- Development of Reflective Learning in Fourth Year Medical Students During Eight-Week Family Medicine Posting
- Assessing the performance of GP Trainees in Tajikistan Evaluation of a pilot to introduce undergraduate medical student teaching in Ambulatory Care settings in the UK approaches for work-place used assessment in postgraduate training in psychiatry in the West Midlands
- Student assessment of clinical skills. The impact of video recording and demonstration of benchmark performances on student ability to accurately self-assess
- Determining the educational climate in the applied health sciences using the Dundee Ready Educational Environment Measure (DREEM) Questionnaire. Use the DREEM results as a component for enhancement of teaching / learning in the applied health sciences
- A Participatory Action Research Investigation of Methods Employed to Improve Tutorials in General Practice
- Evaluation of existing methods of assessment in the undergraduate medical education
- Student perceptions of the benefits of Problem-Based Learning
- Developing a structured curriculum for the resident as educator program
- Factors influencing student response to illness and disability in themselves and their colleagues
- A one-day clinical teaching skills workshop as a tool for Maharaj Staff
- Evaluating the use of the e-portfolio in clinical placement for the Medial Radiation Sciences Program
- Development of a task-based, integrated curriculum in undergraduate surgery
- Supporting a face-to-face PBL programme with online discussion boards in Saudi Arabia
- Following Charcot: case-based learning in neuroscience grand rounds
- Struggling students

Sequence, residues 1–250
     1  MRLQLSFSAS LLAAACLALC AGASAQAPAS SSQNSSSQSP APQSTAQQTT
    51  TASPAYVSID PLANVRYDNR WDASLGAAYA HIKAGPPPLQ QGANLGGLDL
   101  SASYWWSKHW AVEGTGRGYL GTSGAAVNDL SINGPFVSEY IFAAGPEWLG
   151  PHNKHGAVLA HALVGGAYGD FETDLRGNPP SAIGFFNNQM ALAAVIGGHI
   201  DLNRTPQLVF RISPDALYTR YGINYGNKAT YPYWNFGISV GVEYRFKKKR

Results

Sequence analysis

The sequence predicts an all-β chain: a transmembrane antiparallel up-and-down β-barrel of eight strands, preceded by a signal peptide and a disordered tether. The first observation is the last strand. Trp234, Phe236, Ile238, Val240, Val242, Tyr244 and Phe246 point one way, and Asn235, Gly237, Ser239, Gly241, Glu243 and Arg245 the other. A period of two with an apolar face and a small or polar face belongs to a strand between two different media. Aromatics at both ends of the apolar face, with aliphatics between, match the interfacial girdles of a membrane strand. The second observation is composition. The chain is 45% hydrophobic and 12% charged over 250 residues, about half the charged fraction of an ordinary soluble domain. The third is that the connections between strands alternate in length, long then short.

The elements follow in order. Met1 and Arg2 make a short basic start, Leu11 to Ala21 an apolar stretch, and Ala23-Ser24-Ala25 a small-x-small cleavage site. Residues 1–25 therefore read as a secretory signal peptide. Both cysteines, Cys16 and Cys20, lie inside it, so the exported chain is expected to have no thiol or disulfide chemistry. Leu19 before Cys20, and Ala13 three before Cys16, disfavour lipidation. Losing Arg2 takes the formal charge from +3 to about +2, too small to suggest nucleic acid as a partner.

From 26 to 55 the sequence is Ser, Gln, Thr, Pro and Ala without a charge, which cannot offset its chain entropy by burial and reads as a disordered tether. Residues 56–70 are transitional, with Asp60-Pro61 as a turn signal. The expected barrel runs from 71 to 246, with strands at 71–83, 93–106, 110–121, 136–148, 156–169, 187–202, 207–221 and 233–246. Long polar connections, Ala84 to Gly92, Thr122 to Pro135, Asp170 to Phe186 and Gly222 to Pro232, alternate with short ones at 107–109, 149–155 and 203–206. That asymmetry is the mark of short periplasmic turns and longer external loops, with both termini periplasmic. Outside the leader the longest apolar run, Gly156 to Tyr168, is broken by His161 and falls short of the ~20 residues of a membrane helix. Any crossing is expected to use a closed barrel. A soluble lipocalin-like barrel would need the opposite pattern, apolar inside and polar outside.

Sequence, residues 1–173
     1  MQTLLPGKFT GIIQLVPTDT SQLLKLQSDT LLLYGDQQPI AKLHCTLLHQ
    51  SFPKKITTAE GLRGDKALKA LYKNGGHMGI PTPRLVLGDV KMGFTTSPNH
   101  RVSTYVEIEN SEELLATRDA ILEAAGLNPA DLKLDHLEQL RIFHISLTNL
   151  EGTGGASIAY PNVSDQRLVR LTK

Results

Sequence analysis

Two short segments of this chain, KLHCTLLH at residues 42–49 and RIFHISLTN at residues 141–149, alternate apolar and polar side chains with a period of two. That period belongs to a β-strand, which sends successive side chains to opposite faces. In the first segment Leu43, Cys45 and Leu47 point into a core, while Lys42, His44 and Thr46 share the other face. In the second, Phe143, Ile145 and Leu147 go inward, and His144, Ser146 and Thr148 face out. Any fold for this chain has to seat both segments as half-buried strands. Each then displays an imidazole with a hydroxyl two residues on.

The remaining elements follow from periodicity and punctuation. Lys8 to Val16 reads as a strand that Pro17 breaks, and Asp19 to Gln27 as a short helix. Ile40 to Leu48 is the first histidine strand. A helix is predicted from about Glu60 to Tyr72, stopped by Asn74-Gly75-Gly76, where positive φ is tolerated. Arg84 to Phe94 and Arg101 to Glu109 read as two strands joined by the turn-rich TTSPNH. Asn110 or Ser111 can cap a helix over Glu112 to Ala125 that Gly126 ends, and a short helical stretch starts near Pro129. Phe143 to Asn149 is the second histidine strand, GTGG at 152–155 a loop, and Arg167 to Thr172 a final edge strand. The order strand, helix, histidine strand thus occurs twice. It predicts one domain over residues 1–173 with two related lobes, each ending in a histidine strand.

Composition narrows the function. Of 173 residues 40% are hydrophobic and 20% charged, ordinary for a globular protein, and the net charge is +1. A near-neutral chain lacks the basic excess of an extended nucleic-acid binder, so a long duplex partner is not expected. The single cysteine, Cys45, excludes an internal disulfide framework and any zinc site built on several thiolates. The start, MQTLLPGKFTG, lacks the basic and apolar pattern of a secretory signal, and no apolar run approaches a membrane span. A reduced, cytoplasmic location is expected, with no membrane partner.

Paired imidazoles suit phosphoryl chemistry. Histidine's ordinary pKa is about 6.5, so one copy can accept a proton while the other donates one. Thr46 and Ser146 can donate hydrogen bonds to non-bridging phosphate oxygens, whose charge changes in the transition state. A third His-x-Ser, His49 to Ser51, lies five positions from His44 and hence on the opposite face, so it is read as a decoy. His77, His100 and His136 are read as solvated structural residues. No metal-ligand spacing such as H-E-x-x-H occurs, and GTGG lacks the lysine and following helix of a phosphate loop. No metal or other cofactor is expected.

- Role of the Internet in teaching communication skills to medical students
- Students' perceptions of the learning environment: A study into some differences and similarities across the academic years at a private medical college, Bangladesh
Post-graduate: Design and delivery face to face and distance of various courses on the Masters of Medical Education programme including: application of educational theories, teaching methods, reflection and reflective practice, learning styles, instructional design, technology-enhanced learning, blended learning, curriculum development, educational environment, equality and diversity, curriculum evaluation, quantitative research methods, principles of assessment, self-assessment, feedback, management and leadership in the health professions; mentoring new markers; reviewing and revising course materials; ensuring University QA procedures adhered to. Development of new curriculum for Masters of Medical Education from inception to implementation and review
Undergraduate: Peer-tutoring academic support, supervisor for 4th year projects, SSC in medical education. Numerous workshops for university teachers, hospital clinicians, dental trainers and GP trainers locally, nationally and internationally to support their educational role.
Sonic screwdrivers, social purpose and ‘stuckness’ are just some of the topics to be explored at the University of Dundee next month.
We would like to extend our warmest congratulations to our School of Medicine colleagues who have been promoted recently.